Note. This series of posts is also published as a Capgemini group white paper and published in Software Release Magazine (in Dutch, in two parts).
With the economy at a low point in time, organizations and project are clearly resetting their goals. Long term multimillion projects are being halted, in favor of short, agile projects, with feasible goals and good time-to-target. To realize these stringent goals, projects are striving for lower costs and higher productivity. On the one hand these goals might be reached by outsourcing, on the other hand standardization, industrialization and reuse could also contribute.
A long term promise in the field of increasing productivity and reuse is to handcraft less code, but to generate code from the project’s design or model. In general this is called model driven development
When is model driven development effective?
Although many alternative strategies exist towards model driven development, we feel that a pragmatic approach works best. The more theoretical an approach gets, the harder it is to apply it to projects. In this paper, we present such a highly pragmatic approach to model driven development. We model and standardize smart use cases and the domain model for a project, and generate code and other deliverables from these models using a straightforward tool set. This approach has proven to be very effective in many projects.
Model driven development can be effective when code and other deliverables can be generated rather than written or hand coded. Thus tedious repetitive work is avoided, such as creating web forms, user interface panels, domain objects, table create statements, service interfaces and even writing use case documentation. Developers can now focus on developing business logic, or tuning the user interface. We have witnessed very high productivity in projects that apply pragmatic model driven development. For example, a recent project (.Net) at a large Dutch government agency was realized in 20% of the time the customer estimated the project.
As it is also fairly easy to create new types of deliverables simply by investigating your existing code and derive template from this, we can save time and effort in many scenario’s and development environments. Model driven development has proven to be successful in (partly) generating solutions for various types of projects, including ASP.Net, Silverlight, SharePoint, Visual Basic Window Forms, Java, service oriented applications (.Net and SAP), and even back end functionality.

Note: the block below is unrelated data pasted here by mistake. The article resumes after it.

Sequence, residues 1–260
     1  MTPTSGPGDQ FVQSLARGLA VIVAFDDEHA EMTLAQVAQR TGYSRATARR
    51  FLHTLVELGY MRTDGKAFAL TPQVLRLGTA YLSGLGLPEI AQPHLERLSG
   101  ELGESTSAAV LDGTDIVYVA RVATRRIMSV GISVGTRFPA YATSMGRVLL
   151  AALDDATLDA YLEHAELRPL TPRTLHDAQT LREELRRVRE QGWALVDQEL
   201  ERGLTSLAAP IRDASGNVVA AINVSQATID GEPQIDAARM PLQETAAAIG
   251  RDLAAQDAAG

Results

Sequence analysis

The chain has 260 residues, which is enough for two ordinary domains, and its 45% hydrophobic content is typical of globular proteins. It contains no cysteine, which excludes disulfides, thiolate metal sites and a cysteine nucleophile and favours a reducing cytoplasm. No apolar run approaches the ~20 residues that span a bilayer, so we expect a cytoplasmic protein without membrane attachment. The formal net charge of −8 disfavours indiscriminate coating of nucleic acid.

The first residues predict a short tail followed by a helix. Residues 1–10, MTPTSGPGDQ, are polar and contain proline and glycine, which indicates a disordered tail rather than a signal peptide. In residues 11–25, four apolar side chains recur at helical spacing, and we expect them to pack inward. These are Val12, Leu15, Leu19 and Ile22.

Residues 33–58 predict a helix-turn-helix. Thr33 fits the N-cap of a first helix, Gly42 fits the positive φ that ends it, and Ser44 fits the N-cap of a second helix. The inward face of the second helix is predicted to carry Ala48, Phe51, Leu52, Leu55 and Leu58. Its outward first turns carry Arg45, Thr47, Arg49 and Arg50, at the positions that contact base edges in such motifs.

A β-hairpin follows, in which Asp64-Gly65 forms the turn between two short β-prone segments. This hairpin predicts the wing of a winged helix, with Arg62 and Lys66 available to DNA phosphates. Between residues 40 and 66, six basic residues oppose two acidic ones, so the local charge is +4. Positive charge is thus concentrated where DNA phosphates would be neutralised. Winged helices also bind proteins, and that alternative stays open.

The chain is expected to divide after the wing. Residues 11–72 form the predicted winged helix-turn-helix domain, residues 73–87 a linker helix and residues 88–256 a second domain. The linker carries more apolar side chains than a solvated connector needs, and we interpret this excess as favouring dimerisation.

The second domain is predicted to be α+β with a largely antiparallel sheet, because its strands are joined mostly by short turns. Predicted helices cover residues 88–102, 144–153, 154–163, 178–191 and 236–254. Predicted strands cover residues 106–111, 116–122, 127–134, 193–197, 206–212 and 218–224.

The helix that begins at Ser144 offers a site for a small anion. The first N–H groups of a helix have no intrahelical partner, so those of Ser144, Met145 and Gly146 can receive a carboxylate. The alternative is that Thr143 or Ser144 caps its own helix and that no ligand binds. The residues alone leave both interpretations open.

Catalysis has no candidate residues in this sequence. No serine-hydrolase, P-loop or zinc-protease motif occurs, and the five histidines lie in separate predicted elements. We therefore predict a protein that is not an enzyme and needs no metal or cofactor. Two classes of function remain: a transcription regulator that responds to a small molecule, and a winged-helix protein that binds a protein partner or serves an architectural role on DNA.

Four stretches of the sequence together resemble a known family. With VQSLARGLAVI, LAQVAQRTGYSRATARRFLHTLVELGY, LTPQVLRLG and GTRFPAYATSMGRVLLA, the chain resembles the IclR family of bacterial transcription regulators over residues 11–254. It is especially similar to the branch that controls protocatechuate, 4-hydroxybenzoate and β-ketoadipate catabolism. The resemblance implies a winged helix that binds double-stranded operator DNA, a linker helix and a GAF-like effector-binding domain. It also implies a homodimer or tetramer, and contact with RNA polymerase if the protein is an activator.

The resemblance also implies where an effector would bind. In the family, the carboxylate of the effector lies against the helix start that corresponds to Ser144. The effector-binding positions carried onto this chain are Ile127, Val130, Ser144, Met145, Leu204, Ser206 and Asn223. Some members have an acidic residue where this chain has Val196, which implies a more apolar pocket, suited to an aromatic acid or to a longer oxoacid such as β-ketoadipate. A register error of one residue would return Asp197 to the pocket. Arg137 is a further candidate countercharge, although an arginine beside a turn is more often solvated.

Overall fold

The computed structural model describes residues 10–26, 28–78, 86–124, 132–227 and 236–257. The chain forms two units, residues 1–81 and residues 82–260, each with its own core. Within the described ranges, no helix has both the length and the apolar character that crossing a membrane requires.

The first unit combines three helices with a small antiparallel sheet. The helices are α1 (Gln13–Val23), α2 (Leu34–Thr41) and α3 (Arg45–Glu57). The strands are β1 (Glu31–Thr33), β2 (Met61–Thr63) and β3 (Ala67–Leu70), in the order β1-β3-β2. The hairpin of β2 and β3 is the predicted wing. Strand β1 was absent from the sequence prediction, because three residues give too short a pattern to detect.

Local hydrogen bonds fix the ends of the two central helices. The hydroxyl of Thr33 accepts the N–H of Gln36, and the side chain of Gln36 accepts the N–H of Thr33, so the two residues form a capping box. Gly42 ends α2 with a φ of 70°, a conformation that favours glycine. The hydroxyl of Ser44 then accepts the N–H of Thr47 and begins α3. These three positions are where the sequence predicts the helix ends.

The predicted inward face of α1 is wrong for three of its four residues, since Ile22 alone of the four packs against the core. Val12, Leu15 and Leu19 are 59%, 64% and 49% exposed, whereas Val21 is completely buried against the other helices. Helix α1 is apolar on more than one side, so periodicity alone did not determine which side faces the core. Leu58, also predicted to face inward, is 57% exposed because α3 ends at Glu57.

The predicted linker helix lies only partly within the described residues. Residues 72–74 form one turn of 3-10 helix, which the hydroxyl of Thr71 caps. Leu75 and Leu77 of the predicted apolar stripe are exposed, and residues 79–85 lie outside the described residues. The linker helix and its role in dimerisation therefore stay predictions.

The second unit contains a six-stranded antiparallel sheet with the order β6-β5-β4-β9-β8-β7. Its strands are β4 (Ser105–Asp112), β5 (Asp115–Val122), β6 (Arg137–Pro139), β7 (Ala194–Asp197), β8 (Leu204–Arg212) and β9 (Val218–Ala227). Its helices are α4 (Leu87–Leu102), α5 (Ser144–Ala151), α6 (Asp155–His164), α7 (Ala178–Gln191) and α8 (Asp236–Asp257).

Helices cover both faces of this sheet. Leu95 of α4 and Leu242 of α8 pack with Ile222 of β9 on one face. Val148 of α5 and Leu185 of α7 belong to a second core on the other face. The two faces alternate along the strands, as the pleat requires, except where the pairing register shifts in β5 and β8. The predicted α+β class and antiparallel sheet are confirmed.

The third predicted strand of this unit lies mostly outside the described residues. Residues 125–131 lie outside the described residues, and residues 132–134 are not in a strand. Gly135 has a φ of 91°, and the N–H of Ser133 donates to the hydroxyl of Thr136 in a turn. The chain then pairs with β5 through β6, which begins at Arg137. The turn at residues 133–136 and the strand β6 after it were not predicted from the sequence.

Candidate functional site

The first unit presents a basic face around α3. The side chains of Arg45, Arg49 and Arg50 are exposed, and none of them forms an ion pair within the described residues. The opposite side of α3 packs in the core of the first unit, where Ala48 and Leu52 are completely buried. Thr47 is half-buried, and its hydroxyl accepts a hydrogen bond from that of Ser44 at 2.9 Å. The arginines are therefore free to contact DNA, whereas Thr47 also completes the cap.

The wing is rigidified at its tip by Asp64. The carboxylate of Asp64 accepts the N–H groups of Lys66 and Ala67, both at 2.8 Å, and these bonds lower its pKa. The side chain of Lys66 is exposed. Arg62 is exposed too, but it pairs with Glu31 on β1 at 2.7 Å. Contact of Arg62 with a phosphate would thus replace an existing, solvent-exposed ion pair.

Moreover, as code generation is based on proven templates, generated code is of higher quality then hand written code. Thus, model driven development also contributes to lowering maintenance costs of delivered software. This effect is further increased because the documentation as presented in the model is directly traceable to the application’s code.
Last but not least, in model driven development, analysts and designer actively participate in delivering working software, as the models they help creating, are now directly converted into code. Model driven development is a collaborative scenario, where, especially in agile projects even end-users can participate directly in software development. To illustrate this, we usually model the smart use cases and the domain model that, underlie the software we produce, during interactive workshops with the end users, and generate working software either in these workshops, or shortly after.
Code generation scenario’s
Generating code from a model can be done in a wide variety of scenario’s, and with a even wider range of goals and deliverables to strive for:
- Proprietary techniques. Traditionally there’s tools such as Oracle Designer and Developer or Cool:GEN that host both the model as the coding environment. Using these environment high productivity can be achieved, because a lot of assumptions can be made on the target environment. In general such development environments deliver highly proprietary models and code.
- DSL’s. Domain Specific Language (DSL) are textual or visual representations of custom domains, for which specific modeling language can be defined, think of web service definition or even a language for defining the mortgages or life assurance domain. With DSL’s again has the promise of high productivity, if and only if, the target environment can be clearly defined, for instance in the software architecture and framework that are used.
- UML. The Unified Modeling Language (UML) provides a set of techniques for modeling behavior and structure of applications. These standardized techniques, such as use case or class diagrams are used in projects around the world, however in different variations and dialects. Generating code or other deliverables from a UML model is highly possible, again if the target environment is well defined.
- Database. With proper modeling techniques lacking, many tools take the approach of generating (parts of) applications from the database structure. Although this approach seems appealing and fast, there are limitations. The generated application will mimic the database, and thus will be very data-centric, instead of providing support for the work processes to be automated. Besides that, in the current era of service orientation and cloud computing, many application do not even have their own database.